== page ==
A Peek Behind the Curtain on Traffic

Over at the Arkansas Times blog, I posted a note today on traffic numbers for and This, after someone put up some inaccurate numbers from

My comment below. I should also note that not only do I think numbers for our Web sites are way off, but numbers for other sites the person mentions are off badly as well.

A note about the traffic numbers from Meet John Doe. Those numbers are way off what Google Analytics tells us about and

According to Google:

– had 36,502 unique visitors in the last 30 days, with 60,382 visits total
– had 80,279 unique visitors in the last 30 days, with 217,659 total visits

I guess I’ll geek out a minute and talk Google Analytics vs. other traffic numbers:

Meet John Doe’s numbers appear to come from, which bases its traffic on a sample of users (they say 2 million-plus) who respond to surveys and have given them permission to see what sites they visit.

Compete is similar to Alexa, Comscore and others in that they don’t directly measure traffic across a large portion of the Web. They rely on survey samples and traffic derived from folks who, for example, download and install a special toolbar to their browser. That toolbar tracks what sites those people visit and reports the numbers back to Compete.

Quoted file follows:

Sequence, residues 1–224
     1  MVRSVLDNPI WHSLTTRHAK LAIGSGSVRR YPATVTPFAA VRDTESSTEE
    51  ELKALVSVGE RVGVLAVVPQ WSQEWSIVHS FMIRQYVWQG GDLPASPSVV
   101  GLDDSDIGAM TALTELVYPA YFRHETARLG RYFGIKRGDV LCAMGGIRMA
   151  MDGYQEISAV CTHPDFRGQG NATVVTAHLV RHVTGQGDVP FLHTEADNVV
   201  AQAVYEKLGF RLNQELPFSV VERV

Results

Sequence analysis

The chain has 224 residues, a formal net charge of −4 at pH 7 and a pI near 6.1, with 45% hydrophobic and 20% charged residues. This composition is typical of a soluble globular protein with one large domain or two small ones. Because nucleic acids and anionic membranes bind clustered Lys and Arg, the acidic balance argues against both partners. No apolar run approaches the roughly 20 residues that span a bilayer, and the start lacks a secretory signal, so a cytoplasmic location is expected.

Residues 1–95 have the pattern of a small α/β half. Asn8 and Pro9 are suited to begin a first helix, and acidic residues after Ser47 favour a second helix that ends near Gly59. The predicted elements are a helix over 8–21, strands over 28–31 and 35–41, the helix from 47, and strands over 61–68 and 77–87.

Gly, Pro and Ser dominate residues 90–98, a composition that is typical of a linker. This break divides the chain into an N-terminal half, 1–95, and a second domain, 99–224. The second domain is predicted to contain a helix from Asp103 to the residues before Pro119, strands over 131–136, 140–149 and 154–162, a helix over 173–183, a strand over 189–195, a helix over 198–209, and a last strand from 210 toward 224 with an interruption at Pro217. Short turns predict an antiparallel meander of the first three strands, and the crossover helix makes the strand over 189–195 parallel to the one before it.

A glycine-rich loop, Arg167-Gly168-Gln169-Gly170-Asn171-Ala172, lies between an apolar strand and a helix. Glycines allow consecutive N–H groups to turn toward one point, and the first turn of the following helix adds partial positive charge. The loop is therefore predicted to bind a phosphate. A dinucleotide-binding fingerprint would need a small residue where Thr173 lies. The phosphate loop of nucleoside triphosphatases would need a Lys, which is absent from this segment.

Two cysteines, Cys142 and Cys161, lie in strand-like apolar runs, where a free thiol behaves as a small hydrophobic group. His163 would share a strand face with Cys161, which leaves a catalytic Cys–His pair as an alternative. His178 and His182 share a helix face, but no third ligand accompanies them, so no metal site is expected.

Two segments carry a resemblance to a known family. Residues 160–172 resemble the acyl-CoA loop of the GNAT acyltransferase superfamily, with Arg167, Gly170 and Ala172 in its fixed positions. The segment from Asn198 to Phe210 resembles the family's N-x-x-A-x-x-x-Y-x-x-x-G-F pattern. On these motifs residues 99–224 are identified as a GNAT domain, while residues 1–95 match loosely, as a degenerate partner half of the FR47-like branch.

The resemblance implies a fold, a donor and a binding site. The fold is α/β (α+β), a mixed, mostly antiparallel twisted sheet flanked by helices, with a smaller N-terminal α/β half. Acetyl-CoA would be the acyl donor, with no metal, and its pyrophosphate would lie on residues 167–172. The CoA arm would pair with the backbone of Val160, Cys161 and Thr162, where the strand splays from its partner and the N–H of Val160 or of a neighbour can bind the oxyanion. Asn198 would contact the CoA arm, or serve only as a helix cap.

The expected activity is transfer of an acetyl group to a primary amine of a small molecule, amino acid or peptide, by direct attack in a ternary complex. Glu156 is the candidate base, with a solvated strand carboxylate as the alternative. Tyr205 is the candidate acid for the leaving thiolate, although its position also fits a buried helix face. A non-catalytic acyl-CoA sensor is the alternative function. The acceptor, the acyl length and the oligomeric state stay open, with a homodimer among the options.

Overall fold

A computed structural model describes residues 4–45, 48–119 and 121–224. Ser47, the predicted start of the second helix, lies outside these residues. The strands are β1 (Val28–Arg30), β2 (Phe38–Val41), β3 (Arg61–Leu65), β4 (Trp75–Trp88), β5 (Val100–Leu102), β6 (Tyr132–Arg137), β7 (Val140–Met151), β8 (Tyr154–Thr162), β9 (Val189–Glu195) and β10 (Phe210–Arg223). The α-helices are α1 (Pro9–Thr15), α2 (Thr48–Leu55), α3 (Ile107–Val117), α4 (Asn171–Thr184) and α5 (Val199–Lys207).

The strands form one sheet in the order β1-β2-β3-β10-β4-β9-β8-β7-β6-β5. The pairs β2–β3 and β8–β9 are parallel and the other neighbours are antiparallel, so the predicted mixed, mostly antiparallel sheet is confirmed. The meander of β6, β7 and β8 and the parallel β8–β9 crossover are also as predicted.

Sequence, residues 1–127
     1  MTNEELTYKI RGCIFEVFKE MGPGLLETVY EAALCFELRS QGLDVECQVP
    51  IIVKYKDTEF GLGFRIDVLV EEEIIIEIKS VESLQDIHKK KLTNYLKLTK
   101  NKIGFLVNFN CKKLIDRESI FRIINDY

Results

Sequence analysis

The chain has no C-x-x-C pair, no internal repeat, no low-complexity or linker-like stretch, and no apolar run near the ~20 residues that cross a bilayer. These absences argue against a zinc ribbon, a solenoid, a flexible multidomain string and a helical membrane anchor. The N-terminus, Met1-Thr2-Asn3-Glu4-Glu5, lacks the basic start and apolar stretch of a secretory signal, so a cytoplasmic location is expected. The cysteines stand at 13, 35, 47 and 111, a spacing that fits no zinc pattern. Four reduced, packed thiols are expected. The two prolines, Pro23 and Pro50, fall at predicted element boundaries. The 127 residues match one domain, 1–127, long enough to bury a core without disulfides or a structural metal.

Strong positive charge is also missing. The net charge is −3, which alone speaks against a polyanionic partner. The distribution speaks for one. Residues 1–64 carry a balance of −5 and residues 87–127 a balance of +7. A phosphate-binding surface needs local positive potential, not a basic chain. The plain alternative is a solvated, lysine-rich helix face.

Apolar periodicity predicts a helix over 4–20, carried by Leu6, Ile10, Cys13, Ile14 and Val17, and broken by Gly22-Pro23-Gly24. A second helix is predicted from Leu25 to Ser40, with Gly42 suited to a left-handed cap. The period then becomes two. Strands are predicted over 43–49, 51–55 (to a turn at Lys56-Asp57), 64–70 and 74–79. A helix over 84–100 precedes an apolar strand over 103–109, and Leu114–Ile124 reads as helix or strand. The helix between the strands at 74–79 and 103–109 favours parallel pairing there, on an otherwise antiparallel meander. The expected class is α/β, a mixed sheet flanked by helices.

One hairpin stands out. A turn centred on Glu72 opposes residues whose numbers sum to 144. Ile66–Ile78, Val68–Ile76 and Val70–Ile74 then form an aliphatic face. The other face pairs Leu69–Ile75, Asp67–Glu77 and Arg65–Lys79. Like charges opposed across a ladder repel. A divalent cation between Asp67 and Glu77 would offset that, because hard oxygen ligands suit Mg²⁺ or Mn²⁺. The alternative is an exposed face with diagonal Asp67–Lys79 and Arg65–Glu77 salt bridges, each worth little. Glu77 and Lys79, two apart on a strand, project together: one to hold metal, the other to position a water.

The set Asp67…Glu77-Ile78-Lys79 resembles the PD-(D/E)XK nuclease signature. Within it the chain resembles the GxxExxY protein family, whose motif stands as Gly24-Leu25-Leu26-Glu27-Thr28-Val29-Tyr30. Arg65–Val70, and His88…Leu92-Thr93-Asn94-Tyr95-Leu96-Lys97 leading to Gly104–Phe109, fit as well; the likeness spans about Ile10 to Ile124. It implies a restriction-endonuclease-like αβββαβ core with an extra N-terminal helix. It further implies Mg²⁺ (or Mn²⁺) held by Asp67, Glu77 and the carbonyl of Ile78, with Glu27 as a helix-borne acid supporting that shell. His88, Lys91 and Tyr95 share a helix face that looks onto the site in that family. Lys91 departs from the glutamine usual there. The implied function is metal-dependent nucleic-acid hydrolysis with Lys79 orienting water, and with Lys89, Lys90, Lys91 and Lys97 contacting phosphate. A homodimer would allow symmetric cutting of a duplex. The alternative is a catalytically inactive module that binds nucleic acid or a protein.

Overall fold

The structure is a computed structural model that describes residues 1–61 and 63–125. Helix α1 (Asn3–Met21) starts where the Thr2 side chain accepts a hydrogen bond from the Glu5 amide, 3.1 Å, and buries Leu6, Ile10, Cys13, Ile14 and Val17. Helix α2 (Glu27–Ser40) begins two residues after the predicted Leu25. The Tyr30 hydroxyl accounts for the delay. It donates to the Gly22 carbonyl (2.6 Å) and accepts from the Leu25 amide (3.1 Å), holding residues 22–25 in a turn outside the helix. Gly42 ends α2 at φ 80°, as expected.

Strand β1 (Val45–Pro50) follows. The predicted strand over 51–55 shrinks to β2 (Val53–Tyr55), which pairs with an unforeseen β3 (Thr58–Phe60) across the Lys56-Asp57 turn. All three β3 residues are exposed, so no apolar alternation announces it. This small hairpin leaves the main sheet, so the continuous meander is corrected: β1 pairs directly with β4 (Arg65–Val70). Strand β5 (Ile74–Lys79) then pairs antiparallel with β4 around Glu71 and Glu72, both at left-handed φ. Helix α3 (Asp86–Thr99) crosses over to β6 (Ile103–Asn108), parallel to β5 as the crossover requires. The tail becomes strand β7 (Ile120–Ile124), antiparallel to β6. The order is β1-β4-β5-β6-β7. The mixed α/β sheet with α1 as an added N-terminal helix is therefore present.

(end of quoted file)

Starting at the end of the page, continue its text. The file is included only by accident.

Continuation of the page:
Google Analytics, however, measures all the traffic coming into a site — no survey sample, no toolbars, just pure total traffic. Webmasters who use Analytics give Google front row access to the numbers that other services don’t have.

So while Compete asks 10 people on the street if they’ve been to your site, Google stands at the door and counts them as they come in.

Of course, Google Analytics doesn’t put numbers for client sites out there for everyone to see. I can’t, for example, go into Analytics to get traffic numbers (assuming they even use Analytics) because that data is available only to the site’s Webmaster.

Compete, Alexa and Comscore perform better with major Web sites — those with 500,000 unique visitors or more, which is why the big boys like Yahoo!, MSNBC, CNN and Drudge quote them all the time. It’s simply a question of massive popularity and sample size. But for smaller sites, the numbers can be wildly inaccurate.

– Lance Turner, Internet Editor, Arkansas Business Publishing Group

More than you’d ever want to know about Web traffic. But know us “print” people now how the TV guys have felt all these years, with folks spouting off ratings numbers all willy-nilly.


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